The Index is reconstituted on a monthly basis. The Committee meets once a month (typically on the fifth-to-last business day of the month) to review data sources, evaluate potential methodological changes, or make other decisions that require judgment. On the third last business day of the month, the Eligible Crypto Assets are ranked by free-float adjusted market capitalization and the top ten assets are selected. On the last business day of the month, at 4:00 pm ET, the Index is reconstituted. This version of the Index will remain in place until the next Index reconstitution (barring an emergency meeting of the Committee that leads to the exclusion of an asset). The Trust rebalances its portfolio at approximately 4:00 pm ET to reflect the new composition of the Index. There may be small delays between when the Index rebalances and when such rebalance is reflected in the Trust’s financial statements. For example on December 31, 2021, as part of the Index’s December rebalance, the Index removed Uniswap and added Avalanche. The Trust then rebalanced its portfolio to reflect the rebalanced Index; however, due to the timing of when the Trust’s books and records were finalized, the complete removal of Uniswap and addition of Avalanche appeared in the Trust’s financial statements beginning on January 3, 2022.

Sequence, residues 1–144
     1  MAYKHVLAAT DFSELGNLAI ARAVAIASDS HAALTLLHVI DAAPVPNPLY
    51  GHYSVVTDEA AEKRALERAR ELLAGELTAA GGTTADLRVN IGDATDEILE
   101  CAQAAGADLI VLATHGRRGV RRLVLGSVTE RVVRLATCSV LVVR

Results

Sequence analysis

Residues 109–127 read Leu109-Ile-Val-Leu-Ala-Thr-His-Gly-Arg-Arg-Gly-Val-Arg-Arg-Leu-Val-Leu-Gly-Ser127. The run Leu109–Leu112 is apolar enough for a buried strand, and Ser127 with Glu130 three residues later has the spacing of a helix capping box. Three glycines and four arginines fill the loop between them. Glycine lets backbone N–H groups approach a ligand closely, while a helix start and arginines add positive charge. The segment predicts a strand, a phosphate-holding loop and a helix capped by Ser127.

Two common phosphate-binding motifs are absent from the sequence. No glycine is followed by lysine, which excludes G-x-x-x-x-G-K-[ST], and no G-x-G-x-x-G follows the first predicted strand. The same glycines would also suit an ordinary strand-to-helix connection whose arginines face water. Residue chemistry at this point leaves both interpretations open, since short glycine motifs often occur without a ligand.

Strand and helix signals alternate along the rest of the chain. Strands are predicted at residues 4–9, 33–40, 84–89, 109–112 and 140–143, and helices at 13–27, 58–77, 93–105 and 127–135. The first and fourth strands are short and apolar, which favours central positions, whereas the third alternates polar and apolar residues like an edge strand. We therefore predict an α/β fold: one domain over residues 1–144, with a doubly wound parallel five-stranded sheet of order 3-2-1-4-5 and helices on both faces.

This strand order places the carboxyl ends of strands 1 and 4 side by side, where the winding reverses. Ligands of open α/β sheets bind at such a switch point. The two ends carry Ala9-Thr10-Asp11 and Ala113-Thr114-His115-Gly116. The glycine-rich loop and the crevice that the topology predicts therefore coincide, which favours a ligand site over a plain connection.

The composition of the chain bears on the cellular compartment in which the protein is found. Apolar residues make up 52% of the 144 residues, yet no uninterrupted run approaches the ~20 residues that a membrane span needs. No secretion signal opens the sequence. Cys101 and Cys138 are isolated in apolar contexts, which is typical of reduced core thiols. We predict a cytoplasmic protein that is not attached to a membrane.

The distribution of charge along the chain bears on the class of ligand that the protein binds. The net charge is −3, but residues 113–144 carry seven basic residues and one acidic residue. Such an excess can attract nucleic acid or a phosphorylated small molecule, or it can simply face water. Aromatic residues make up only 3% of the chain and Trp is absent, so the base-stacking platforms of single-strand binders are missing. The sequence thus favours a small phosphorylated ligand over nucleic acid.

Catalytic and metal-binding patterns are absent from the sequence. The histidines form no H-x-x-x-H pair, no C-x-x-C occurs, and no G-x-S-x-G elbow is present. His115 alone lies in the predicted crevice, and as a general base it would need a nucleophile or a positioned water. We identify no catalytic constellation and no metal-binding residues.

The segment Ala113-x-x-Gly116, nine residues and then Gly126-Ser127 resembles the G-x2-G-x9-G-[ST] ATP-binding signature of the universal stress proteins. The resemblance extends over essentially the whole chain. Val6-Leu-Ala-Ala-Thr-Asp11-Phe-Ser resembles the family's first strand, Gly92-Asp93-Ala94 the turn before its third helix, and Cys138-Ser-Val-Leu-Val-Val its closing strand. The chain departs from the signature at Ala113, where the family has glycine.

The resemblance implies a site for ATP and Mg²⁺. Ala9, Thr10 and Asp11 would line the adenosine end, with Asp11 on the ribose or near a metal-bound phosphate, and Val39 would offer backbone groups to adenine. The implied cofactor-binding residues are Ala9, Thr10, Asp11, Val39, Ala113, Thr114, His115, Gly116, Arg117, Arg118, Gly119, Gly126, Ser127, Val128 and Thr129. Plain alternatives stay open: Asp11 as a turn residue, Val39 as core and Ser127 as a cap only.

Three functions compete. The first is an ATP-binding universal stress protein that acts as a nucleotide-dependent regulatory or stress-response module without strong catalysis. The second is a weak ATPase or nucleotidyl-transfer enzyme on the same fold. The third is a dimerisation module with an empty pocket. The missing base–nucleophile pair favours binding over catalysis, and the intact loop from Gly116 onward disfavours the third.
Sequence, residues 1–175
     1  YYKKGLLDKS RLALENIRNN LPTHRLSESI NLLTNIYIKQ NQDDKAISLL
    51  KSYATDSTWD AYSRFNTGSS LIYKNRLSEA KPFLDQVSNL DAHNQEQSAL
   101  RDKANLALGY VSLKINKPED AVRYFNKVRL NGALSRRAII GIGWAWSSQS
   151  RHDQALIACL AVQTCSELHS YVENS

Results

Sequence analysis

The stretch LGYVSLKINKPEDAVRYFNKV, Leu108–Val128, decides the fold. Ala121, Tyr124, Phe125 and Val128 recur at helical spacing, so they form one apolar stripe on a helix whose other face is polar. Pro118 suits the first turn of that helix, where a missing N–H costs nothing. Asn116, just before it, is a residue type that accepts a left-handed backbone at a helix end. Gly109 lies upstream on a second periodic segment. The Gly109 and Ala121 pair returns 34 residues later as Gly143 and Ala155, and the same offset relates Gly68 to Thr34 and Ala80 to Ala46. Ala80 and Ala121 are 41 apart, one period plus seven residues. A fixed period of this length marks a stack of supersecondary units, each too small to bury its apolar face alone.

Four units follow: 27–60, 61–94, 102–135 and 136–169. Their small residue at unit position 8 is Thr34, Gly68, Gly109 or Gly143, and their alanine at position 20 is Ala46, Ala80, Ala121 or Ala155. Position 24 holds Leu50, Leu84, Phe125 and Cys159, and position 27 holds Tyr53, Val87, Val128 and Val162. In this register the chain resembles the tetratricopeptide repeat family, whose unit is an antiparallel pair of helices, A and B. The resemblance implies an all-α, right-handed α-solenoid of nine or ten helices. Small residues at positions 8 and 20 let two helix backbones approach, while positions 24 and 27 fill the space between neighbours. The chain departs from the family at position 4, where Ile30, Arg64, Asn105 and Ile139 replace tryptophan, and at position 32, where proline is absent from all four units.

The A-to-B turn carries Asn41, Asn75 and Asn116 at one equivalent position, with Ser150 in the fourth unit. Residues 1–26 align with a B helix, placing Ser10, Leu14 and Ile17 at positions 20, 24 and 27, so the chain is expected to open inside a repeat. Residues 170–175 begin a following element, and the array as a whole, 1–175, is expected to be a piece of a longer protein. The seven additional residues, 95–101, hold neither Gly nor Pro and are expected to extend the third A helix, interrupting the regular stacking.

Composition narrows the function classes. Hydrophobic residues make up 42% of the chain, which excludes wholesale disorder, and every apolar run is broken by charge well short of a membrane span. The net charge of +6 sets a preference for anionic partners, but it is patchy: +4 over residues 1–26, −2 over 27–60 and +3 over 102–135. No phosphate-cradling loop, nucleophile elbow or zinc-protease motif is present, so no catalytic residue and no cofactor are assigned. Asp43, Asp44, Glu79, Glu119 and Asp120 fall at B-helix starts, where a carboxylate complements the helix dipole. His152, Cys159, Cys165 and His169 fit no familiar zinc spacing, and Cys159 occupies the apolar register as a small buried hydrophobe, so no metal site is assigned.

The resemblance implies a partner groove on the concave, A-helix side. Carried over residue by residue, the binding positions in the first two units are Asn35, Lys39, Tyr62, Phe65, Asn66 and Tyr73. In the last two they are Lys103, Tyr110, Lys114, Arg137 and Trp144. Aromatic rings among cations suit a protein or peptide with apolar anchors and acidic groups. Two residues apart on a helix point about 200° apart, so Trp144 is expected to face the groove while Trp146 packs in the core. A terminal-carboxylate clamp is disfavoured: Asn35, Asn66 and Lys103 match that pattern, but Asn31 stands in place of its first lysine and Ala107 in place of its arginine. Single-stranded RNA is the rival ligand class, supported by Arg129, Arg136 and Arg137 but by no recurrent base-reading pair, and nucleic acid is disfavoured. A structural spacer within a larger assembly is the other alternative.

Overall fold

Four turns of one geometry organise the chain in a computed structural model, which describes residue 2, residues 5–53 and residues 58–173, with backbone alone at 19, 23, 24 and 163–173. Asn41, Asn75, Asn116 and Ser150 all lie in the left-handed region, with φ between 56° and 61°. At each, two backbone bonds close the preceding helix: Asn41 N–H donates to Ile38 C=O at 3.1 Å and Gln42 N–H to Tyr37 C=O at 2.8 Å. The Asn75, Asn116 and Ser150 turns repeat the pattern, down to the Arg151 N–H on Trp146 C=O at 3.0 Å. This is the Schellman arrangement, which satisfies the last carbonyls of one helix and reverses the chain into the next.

Overview of Index Constituents

As of December 31, 2023, the constituents in the Index and their weights were as follows:

 

Bitcoin:

 

 

66.37

%

Ethereum:

 

 

21.85

%

Solana:

 

 

3.57

%

Ripple:

 

 

2.66

%

Cardano:

 

 

1.67

%

Avalanche:

 

 

1.15

%

Polkadot:

 

 

0.87

%

Polygon:

 

 

0.75

%

Chainlink:

 

 

0.67

%

Litecoin:

 

 

0.43

%

 

As of December 31, 2022, the constituents in the Index and their weights were as follows:

 

Bitcoin:

 

 

63.53

%

Ethereum:

 

 

28.75

%

Cardano:

 

 

1.71

%

Polygon:

 

 

1.32

%

Polkadot:

 

 

1.02

%

Litecoin:

 

 

0.98

%

Uniswap:

 

 

0.76

%

Solana:

 

 

0.72

%

Avalanche:

 

 

0.68

%

Chainlink:

 

 

0.53

%

 

As of December 31, 2021, the constituents in the Index and their weights were as follows:

 

Bitcoin:

 

 

58.69

%

Ethereum:

 

 

29.33

%

Solana: